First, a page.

A breakfast with the Vice President and meeting with congressional leaders marked the end of the Israeli Prime Minister’s visit to the US.
Prime Minister Netanyahu concluded his visit to Washington yesterday, following his meeting on Wednesday with President Donald Trump.
At the breakfast meeting with Vice President Mike Pence, the two leaders reaffirmed the special relationship between the United States and Israel and underscored the “unbreakable bond” between the two countries.
Pence reiterated the United States’ “unwavering commitment” to Israel’s security and pledged to work with Netanyahu to address shared challenges in the Middle East, including threats posed by Iran and its proxies, as well as ISIS and other radical Islamic terrorist groups.
The two leaders discussed ways for the United States and Israel to work more closely together on issues such as cyber security, intelligence cooperation, and energy.
They also agreed to work together against hostile actions aimed at Israel at the United Nations and other international forums, as well as boycotts that target Israel.
Pence and Netanyahu agreed that peace between Israel and the Palestinians can only be negotiated directly between the two parties. Pence added that the United States will work closely with Israel and the Palestinians to make progress towards that goal.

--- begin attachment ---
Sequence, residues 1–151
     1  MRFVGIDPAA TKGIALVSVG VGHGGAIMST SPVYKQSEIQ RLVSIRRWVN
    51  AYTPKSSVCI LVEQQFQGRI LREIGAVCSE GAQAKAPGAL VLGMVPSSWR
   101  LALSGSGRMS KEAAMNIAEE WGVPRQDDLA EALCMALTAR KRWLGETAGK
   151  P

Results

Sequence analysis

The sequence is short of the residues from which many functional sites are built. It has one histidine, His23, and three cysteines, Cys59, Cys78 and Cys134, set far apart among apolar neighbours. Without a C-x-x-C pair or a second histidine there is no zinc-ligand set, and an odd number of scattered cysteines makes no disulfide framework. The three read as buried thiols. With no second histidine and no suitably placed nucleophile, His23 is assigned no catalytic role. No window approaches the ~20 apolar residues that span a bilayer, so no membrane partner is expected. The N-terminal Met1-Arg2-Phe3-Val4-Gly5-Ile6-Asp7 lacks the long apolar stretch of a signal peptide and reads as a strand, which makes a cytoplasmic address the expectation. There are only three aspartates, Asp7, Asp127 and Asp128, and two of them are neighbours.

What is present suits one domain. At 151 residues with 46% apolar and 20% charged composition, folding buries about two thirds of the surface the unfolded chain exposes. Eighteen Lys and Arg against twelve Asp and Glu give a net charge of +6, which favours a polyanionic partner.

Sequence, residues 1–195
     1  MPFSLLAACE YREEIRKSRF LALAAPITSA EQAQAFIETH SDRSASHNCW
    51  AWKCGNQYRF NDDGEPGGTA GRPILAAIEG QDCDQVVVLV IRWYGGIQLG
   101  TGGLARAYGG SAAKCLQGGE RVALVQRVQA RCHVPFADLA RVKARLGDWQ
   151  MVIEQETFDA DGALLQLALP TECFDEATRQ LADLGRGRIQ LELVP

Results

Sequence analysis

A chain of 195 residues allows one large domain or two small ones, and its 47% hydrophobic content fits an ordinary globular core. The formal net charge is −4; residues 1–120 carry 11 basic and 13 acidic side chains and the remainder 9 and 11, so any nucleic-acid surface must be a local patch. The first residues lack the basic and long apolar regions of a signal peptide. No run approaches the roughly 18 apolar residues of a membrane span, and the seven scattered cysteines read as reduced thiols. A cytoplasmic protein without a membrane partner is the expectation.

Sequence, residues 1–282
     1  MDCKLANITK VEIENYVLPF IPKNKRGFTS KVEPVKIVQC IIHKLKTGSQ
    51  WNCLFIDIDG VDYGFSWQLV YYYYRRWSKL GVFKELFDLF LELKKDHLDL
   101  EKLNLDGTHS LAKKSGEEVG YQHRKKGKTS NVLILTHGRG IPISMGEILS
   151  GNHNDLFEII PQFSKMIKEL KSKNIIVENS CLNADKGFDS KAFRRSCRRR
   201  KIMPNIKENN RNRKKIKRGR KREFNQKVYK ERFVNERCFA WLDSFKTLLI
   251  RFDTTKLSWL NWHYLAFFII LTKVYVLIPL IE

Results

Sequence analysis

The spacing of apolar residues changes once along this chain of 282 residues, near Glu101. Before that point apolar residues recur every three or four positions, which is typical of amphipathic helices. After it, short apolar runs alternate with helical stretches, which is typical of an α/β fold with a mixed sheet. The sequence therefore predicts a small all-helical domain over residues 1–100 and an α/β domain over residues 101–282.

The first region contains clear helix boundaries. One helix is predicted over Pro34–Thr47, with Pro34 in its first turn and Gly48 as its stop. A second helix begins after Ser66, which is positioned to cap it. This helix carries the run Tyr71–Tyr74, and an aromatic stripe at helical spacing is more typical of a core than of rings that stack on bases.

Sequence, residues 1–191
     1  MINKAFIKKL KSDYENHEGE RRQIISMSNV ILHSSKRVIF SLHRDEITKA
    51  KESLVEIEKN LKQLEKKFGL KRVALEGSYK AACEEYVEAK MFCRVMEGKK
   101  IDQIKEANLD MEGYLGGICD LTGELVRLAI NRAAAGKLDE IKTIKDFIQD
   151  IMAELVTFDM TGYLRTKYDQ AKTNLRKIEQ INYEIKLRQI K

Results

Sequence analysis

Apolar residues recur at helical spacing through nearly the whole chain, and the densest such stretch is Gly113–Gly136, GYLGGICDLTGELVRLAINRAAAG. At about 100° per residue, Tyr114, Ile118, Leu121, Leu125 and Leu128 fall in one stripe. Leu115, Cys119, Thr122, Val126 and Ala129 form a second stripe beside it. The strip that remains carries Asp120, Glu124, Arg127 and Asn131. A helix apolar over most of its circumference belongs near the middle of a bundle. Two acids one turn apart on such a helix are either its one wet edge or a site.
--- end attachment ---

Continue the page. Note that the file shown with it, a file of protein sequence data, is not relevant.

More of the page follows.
Prime Minister Netanyahu also gave an interview on US channel MSNBC, where he explained that Israeli security control west of the Jordan River was an essential condition for making peace between Israel and the Palestinians. He repeated his comments made at the press conference on Wednesday, that labels were not important, but substance was.
Reflecting on his meeting with the President, Netanyahu said: “I’m not going to start rating presidents. I will tell you though that I had a very, very warm meeting with President Trump. There was a great sense of kinship and friendship and I think that this is something the people of America feel toward the people of Israel. And, I assure you, the people of Israel feel deeply about the people of America.”
In a separate development, President Trump’s candidate for Ambassador to Israel, David Friedman began his confirmation hearing in the Senate Foreign Relations Committee.
Friedman clarified his position on the matter of two states. He said that if the Israelis and Palestinians were able to reach an agreement “through direct negotiations along parameters agreeable to them … I would be delighted to see peace come to this region where people have suffered on both sides for so long.”
He added: “I would be delighted if the two state solution could be achieved.”
Friedman distanced himself from problematic statements made in the past and spoke out against an “apartheid” scenario in which Israel controls the Palestinians: “I don’t think that anyone would ever support a state where different classes of citizens have different rights”.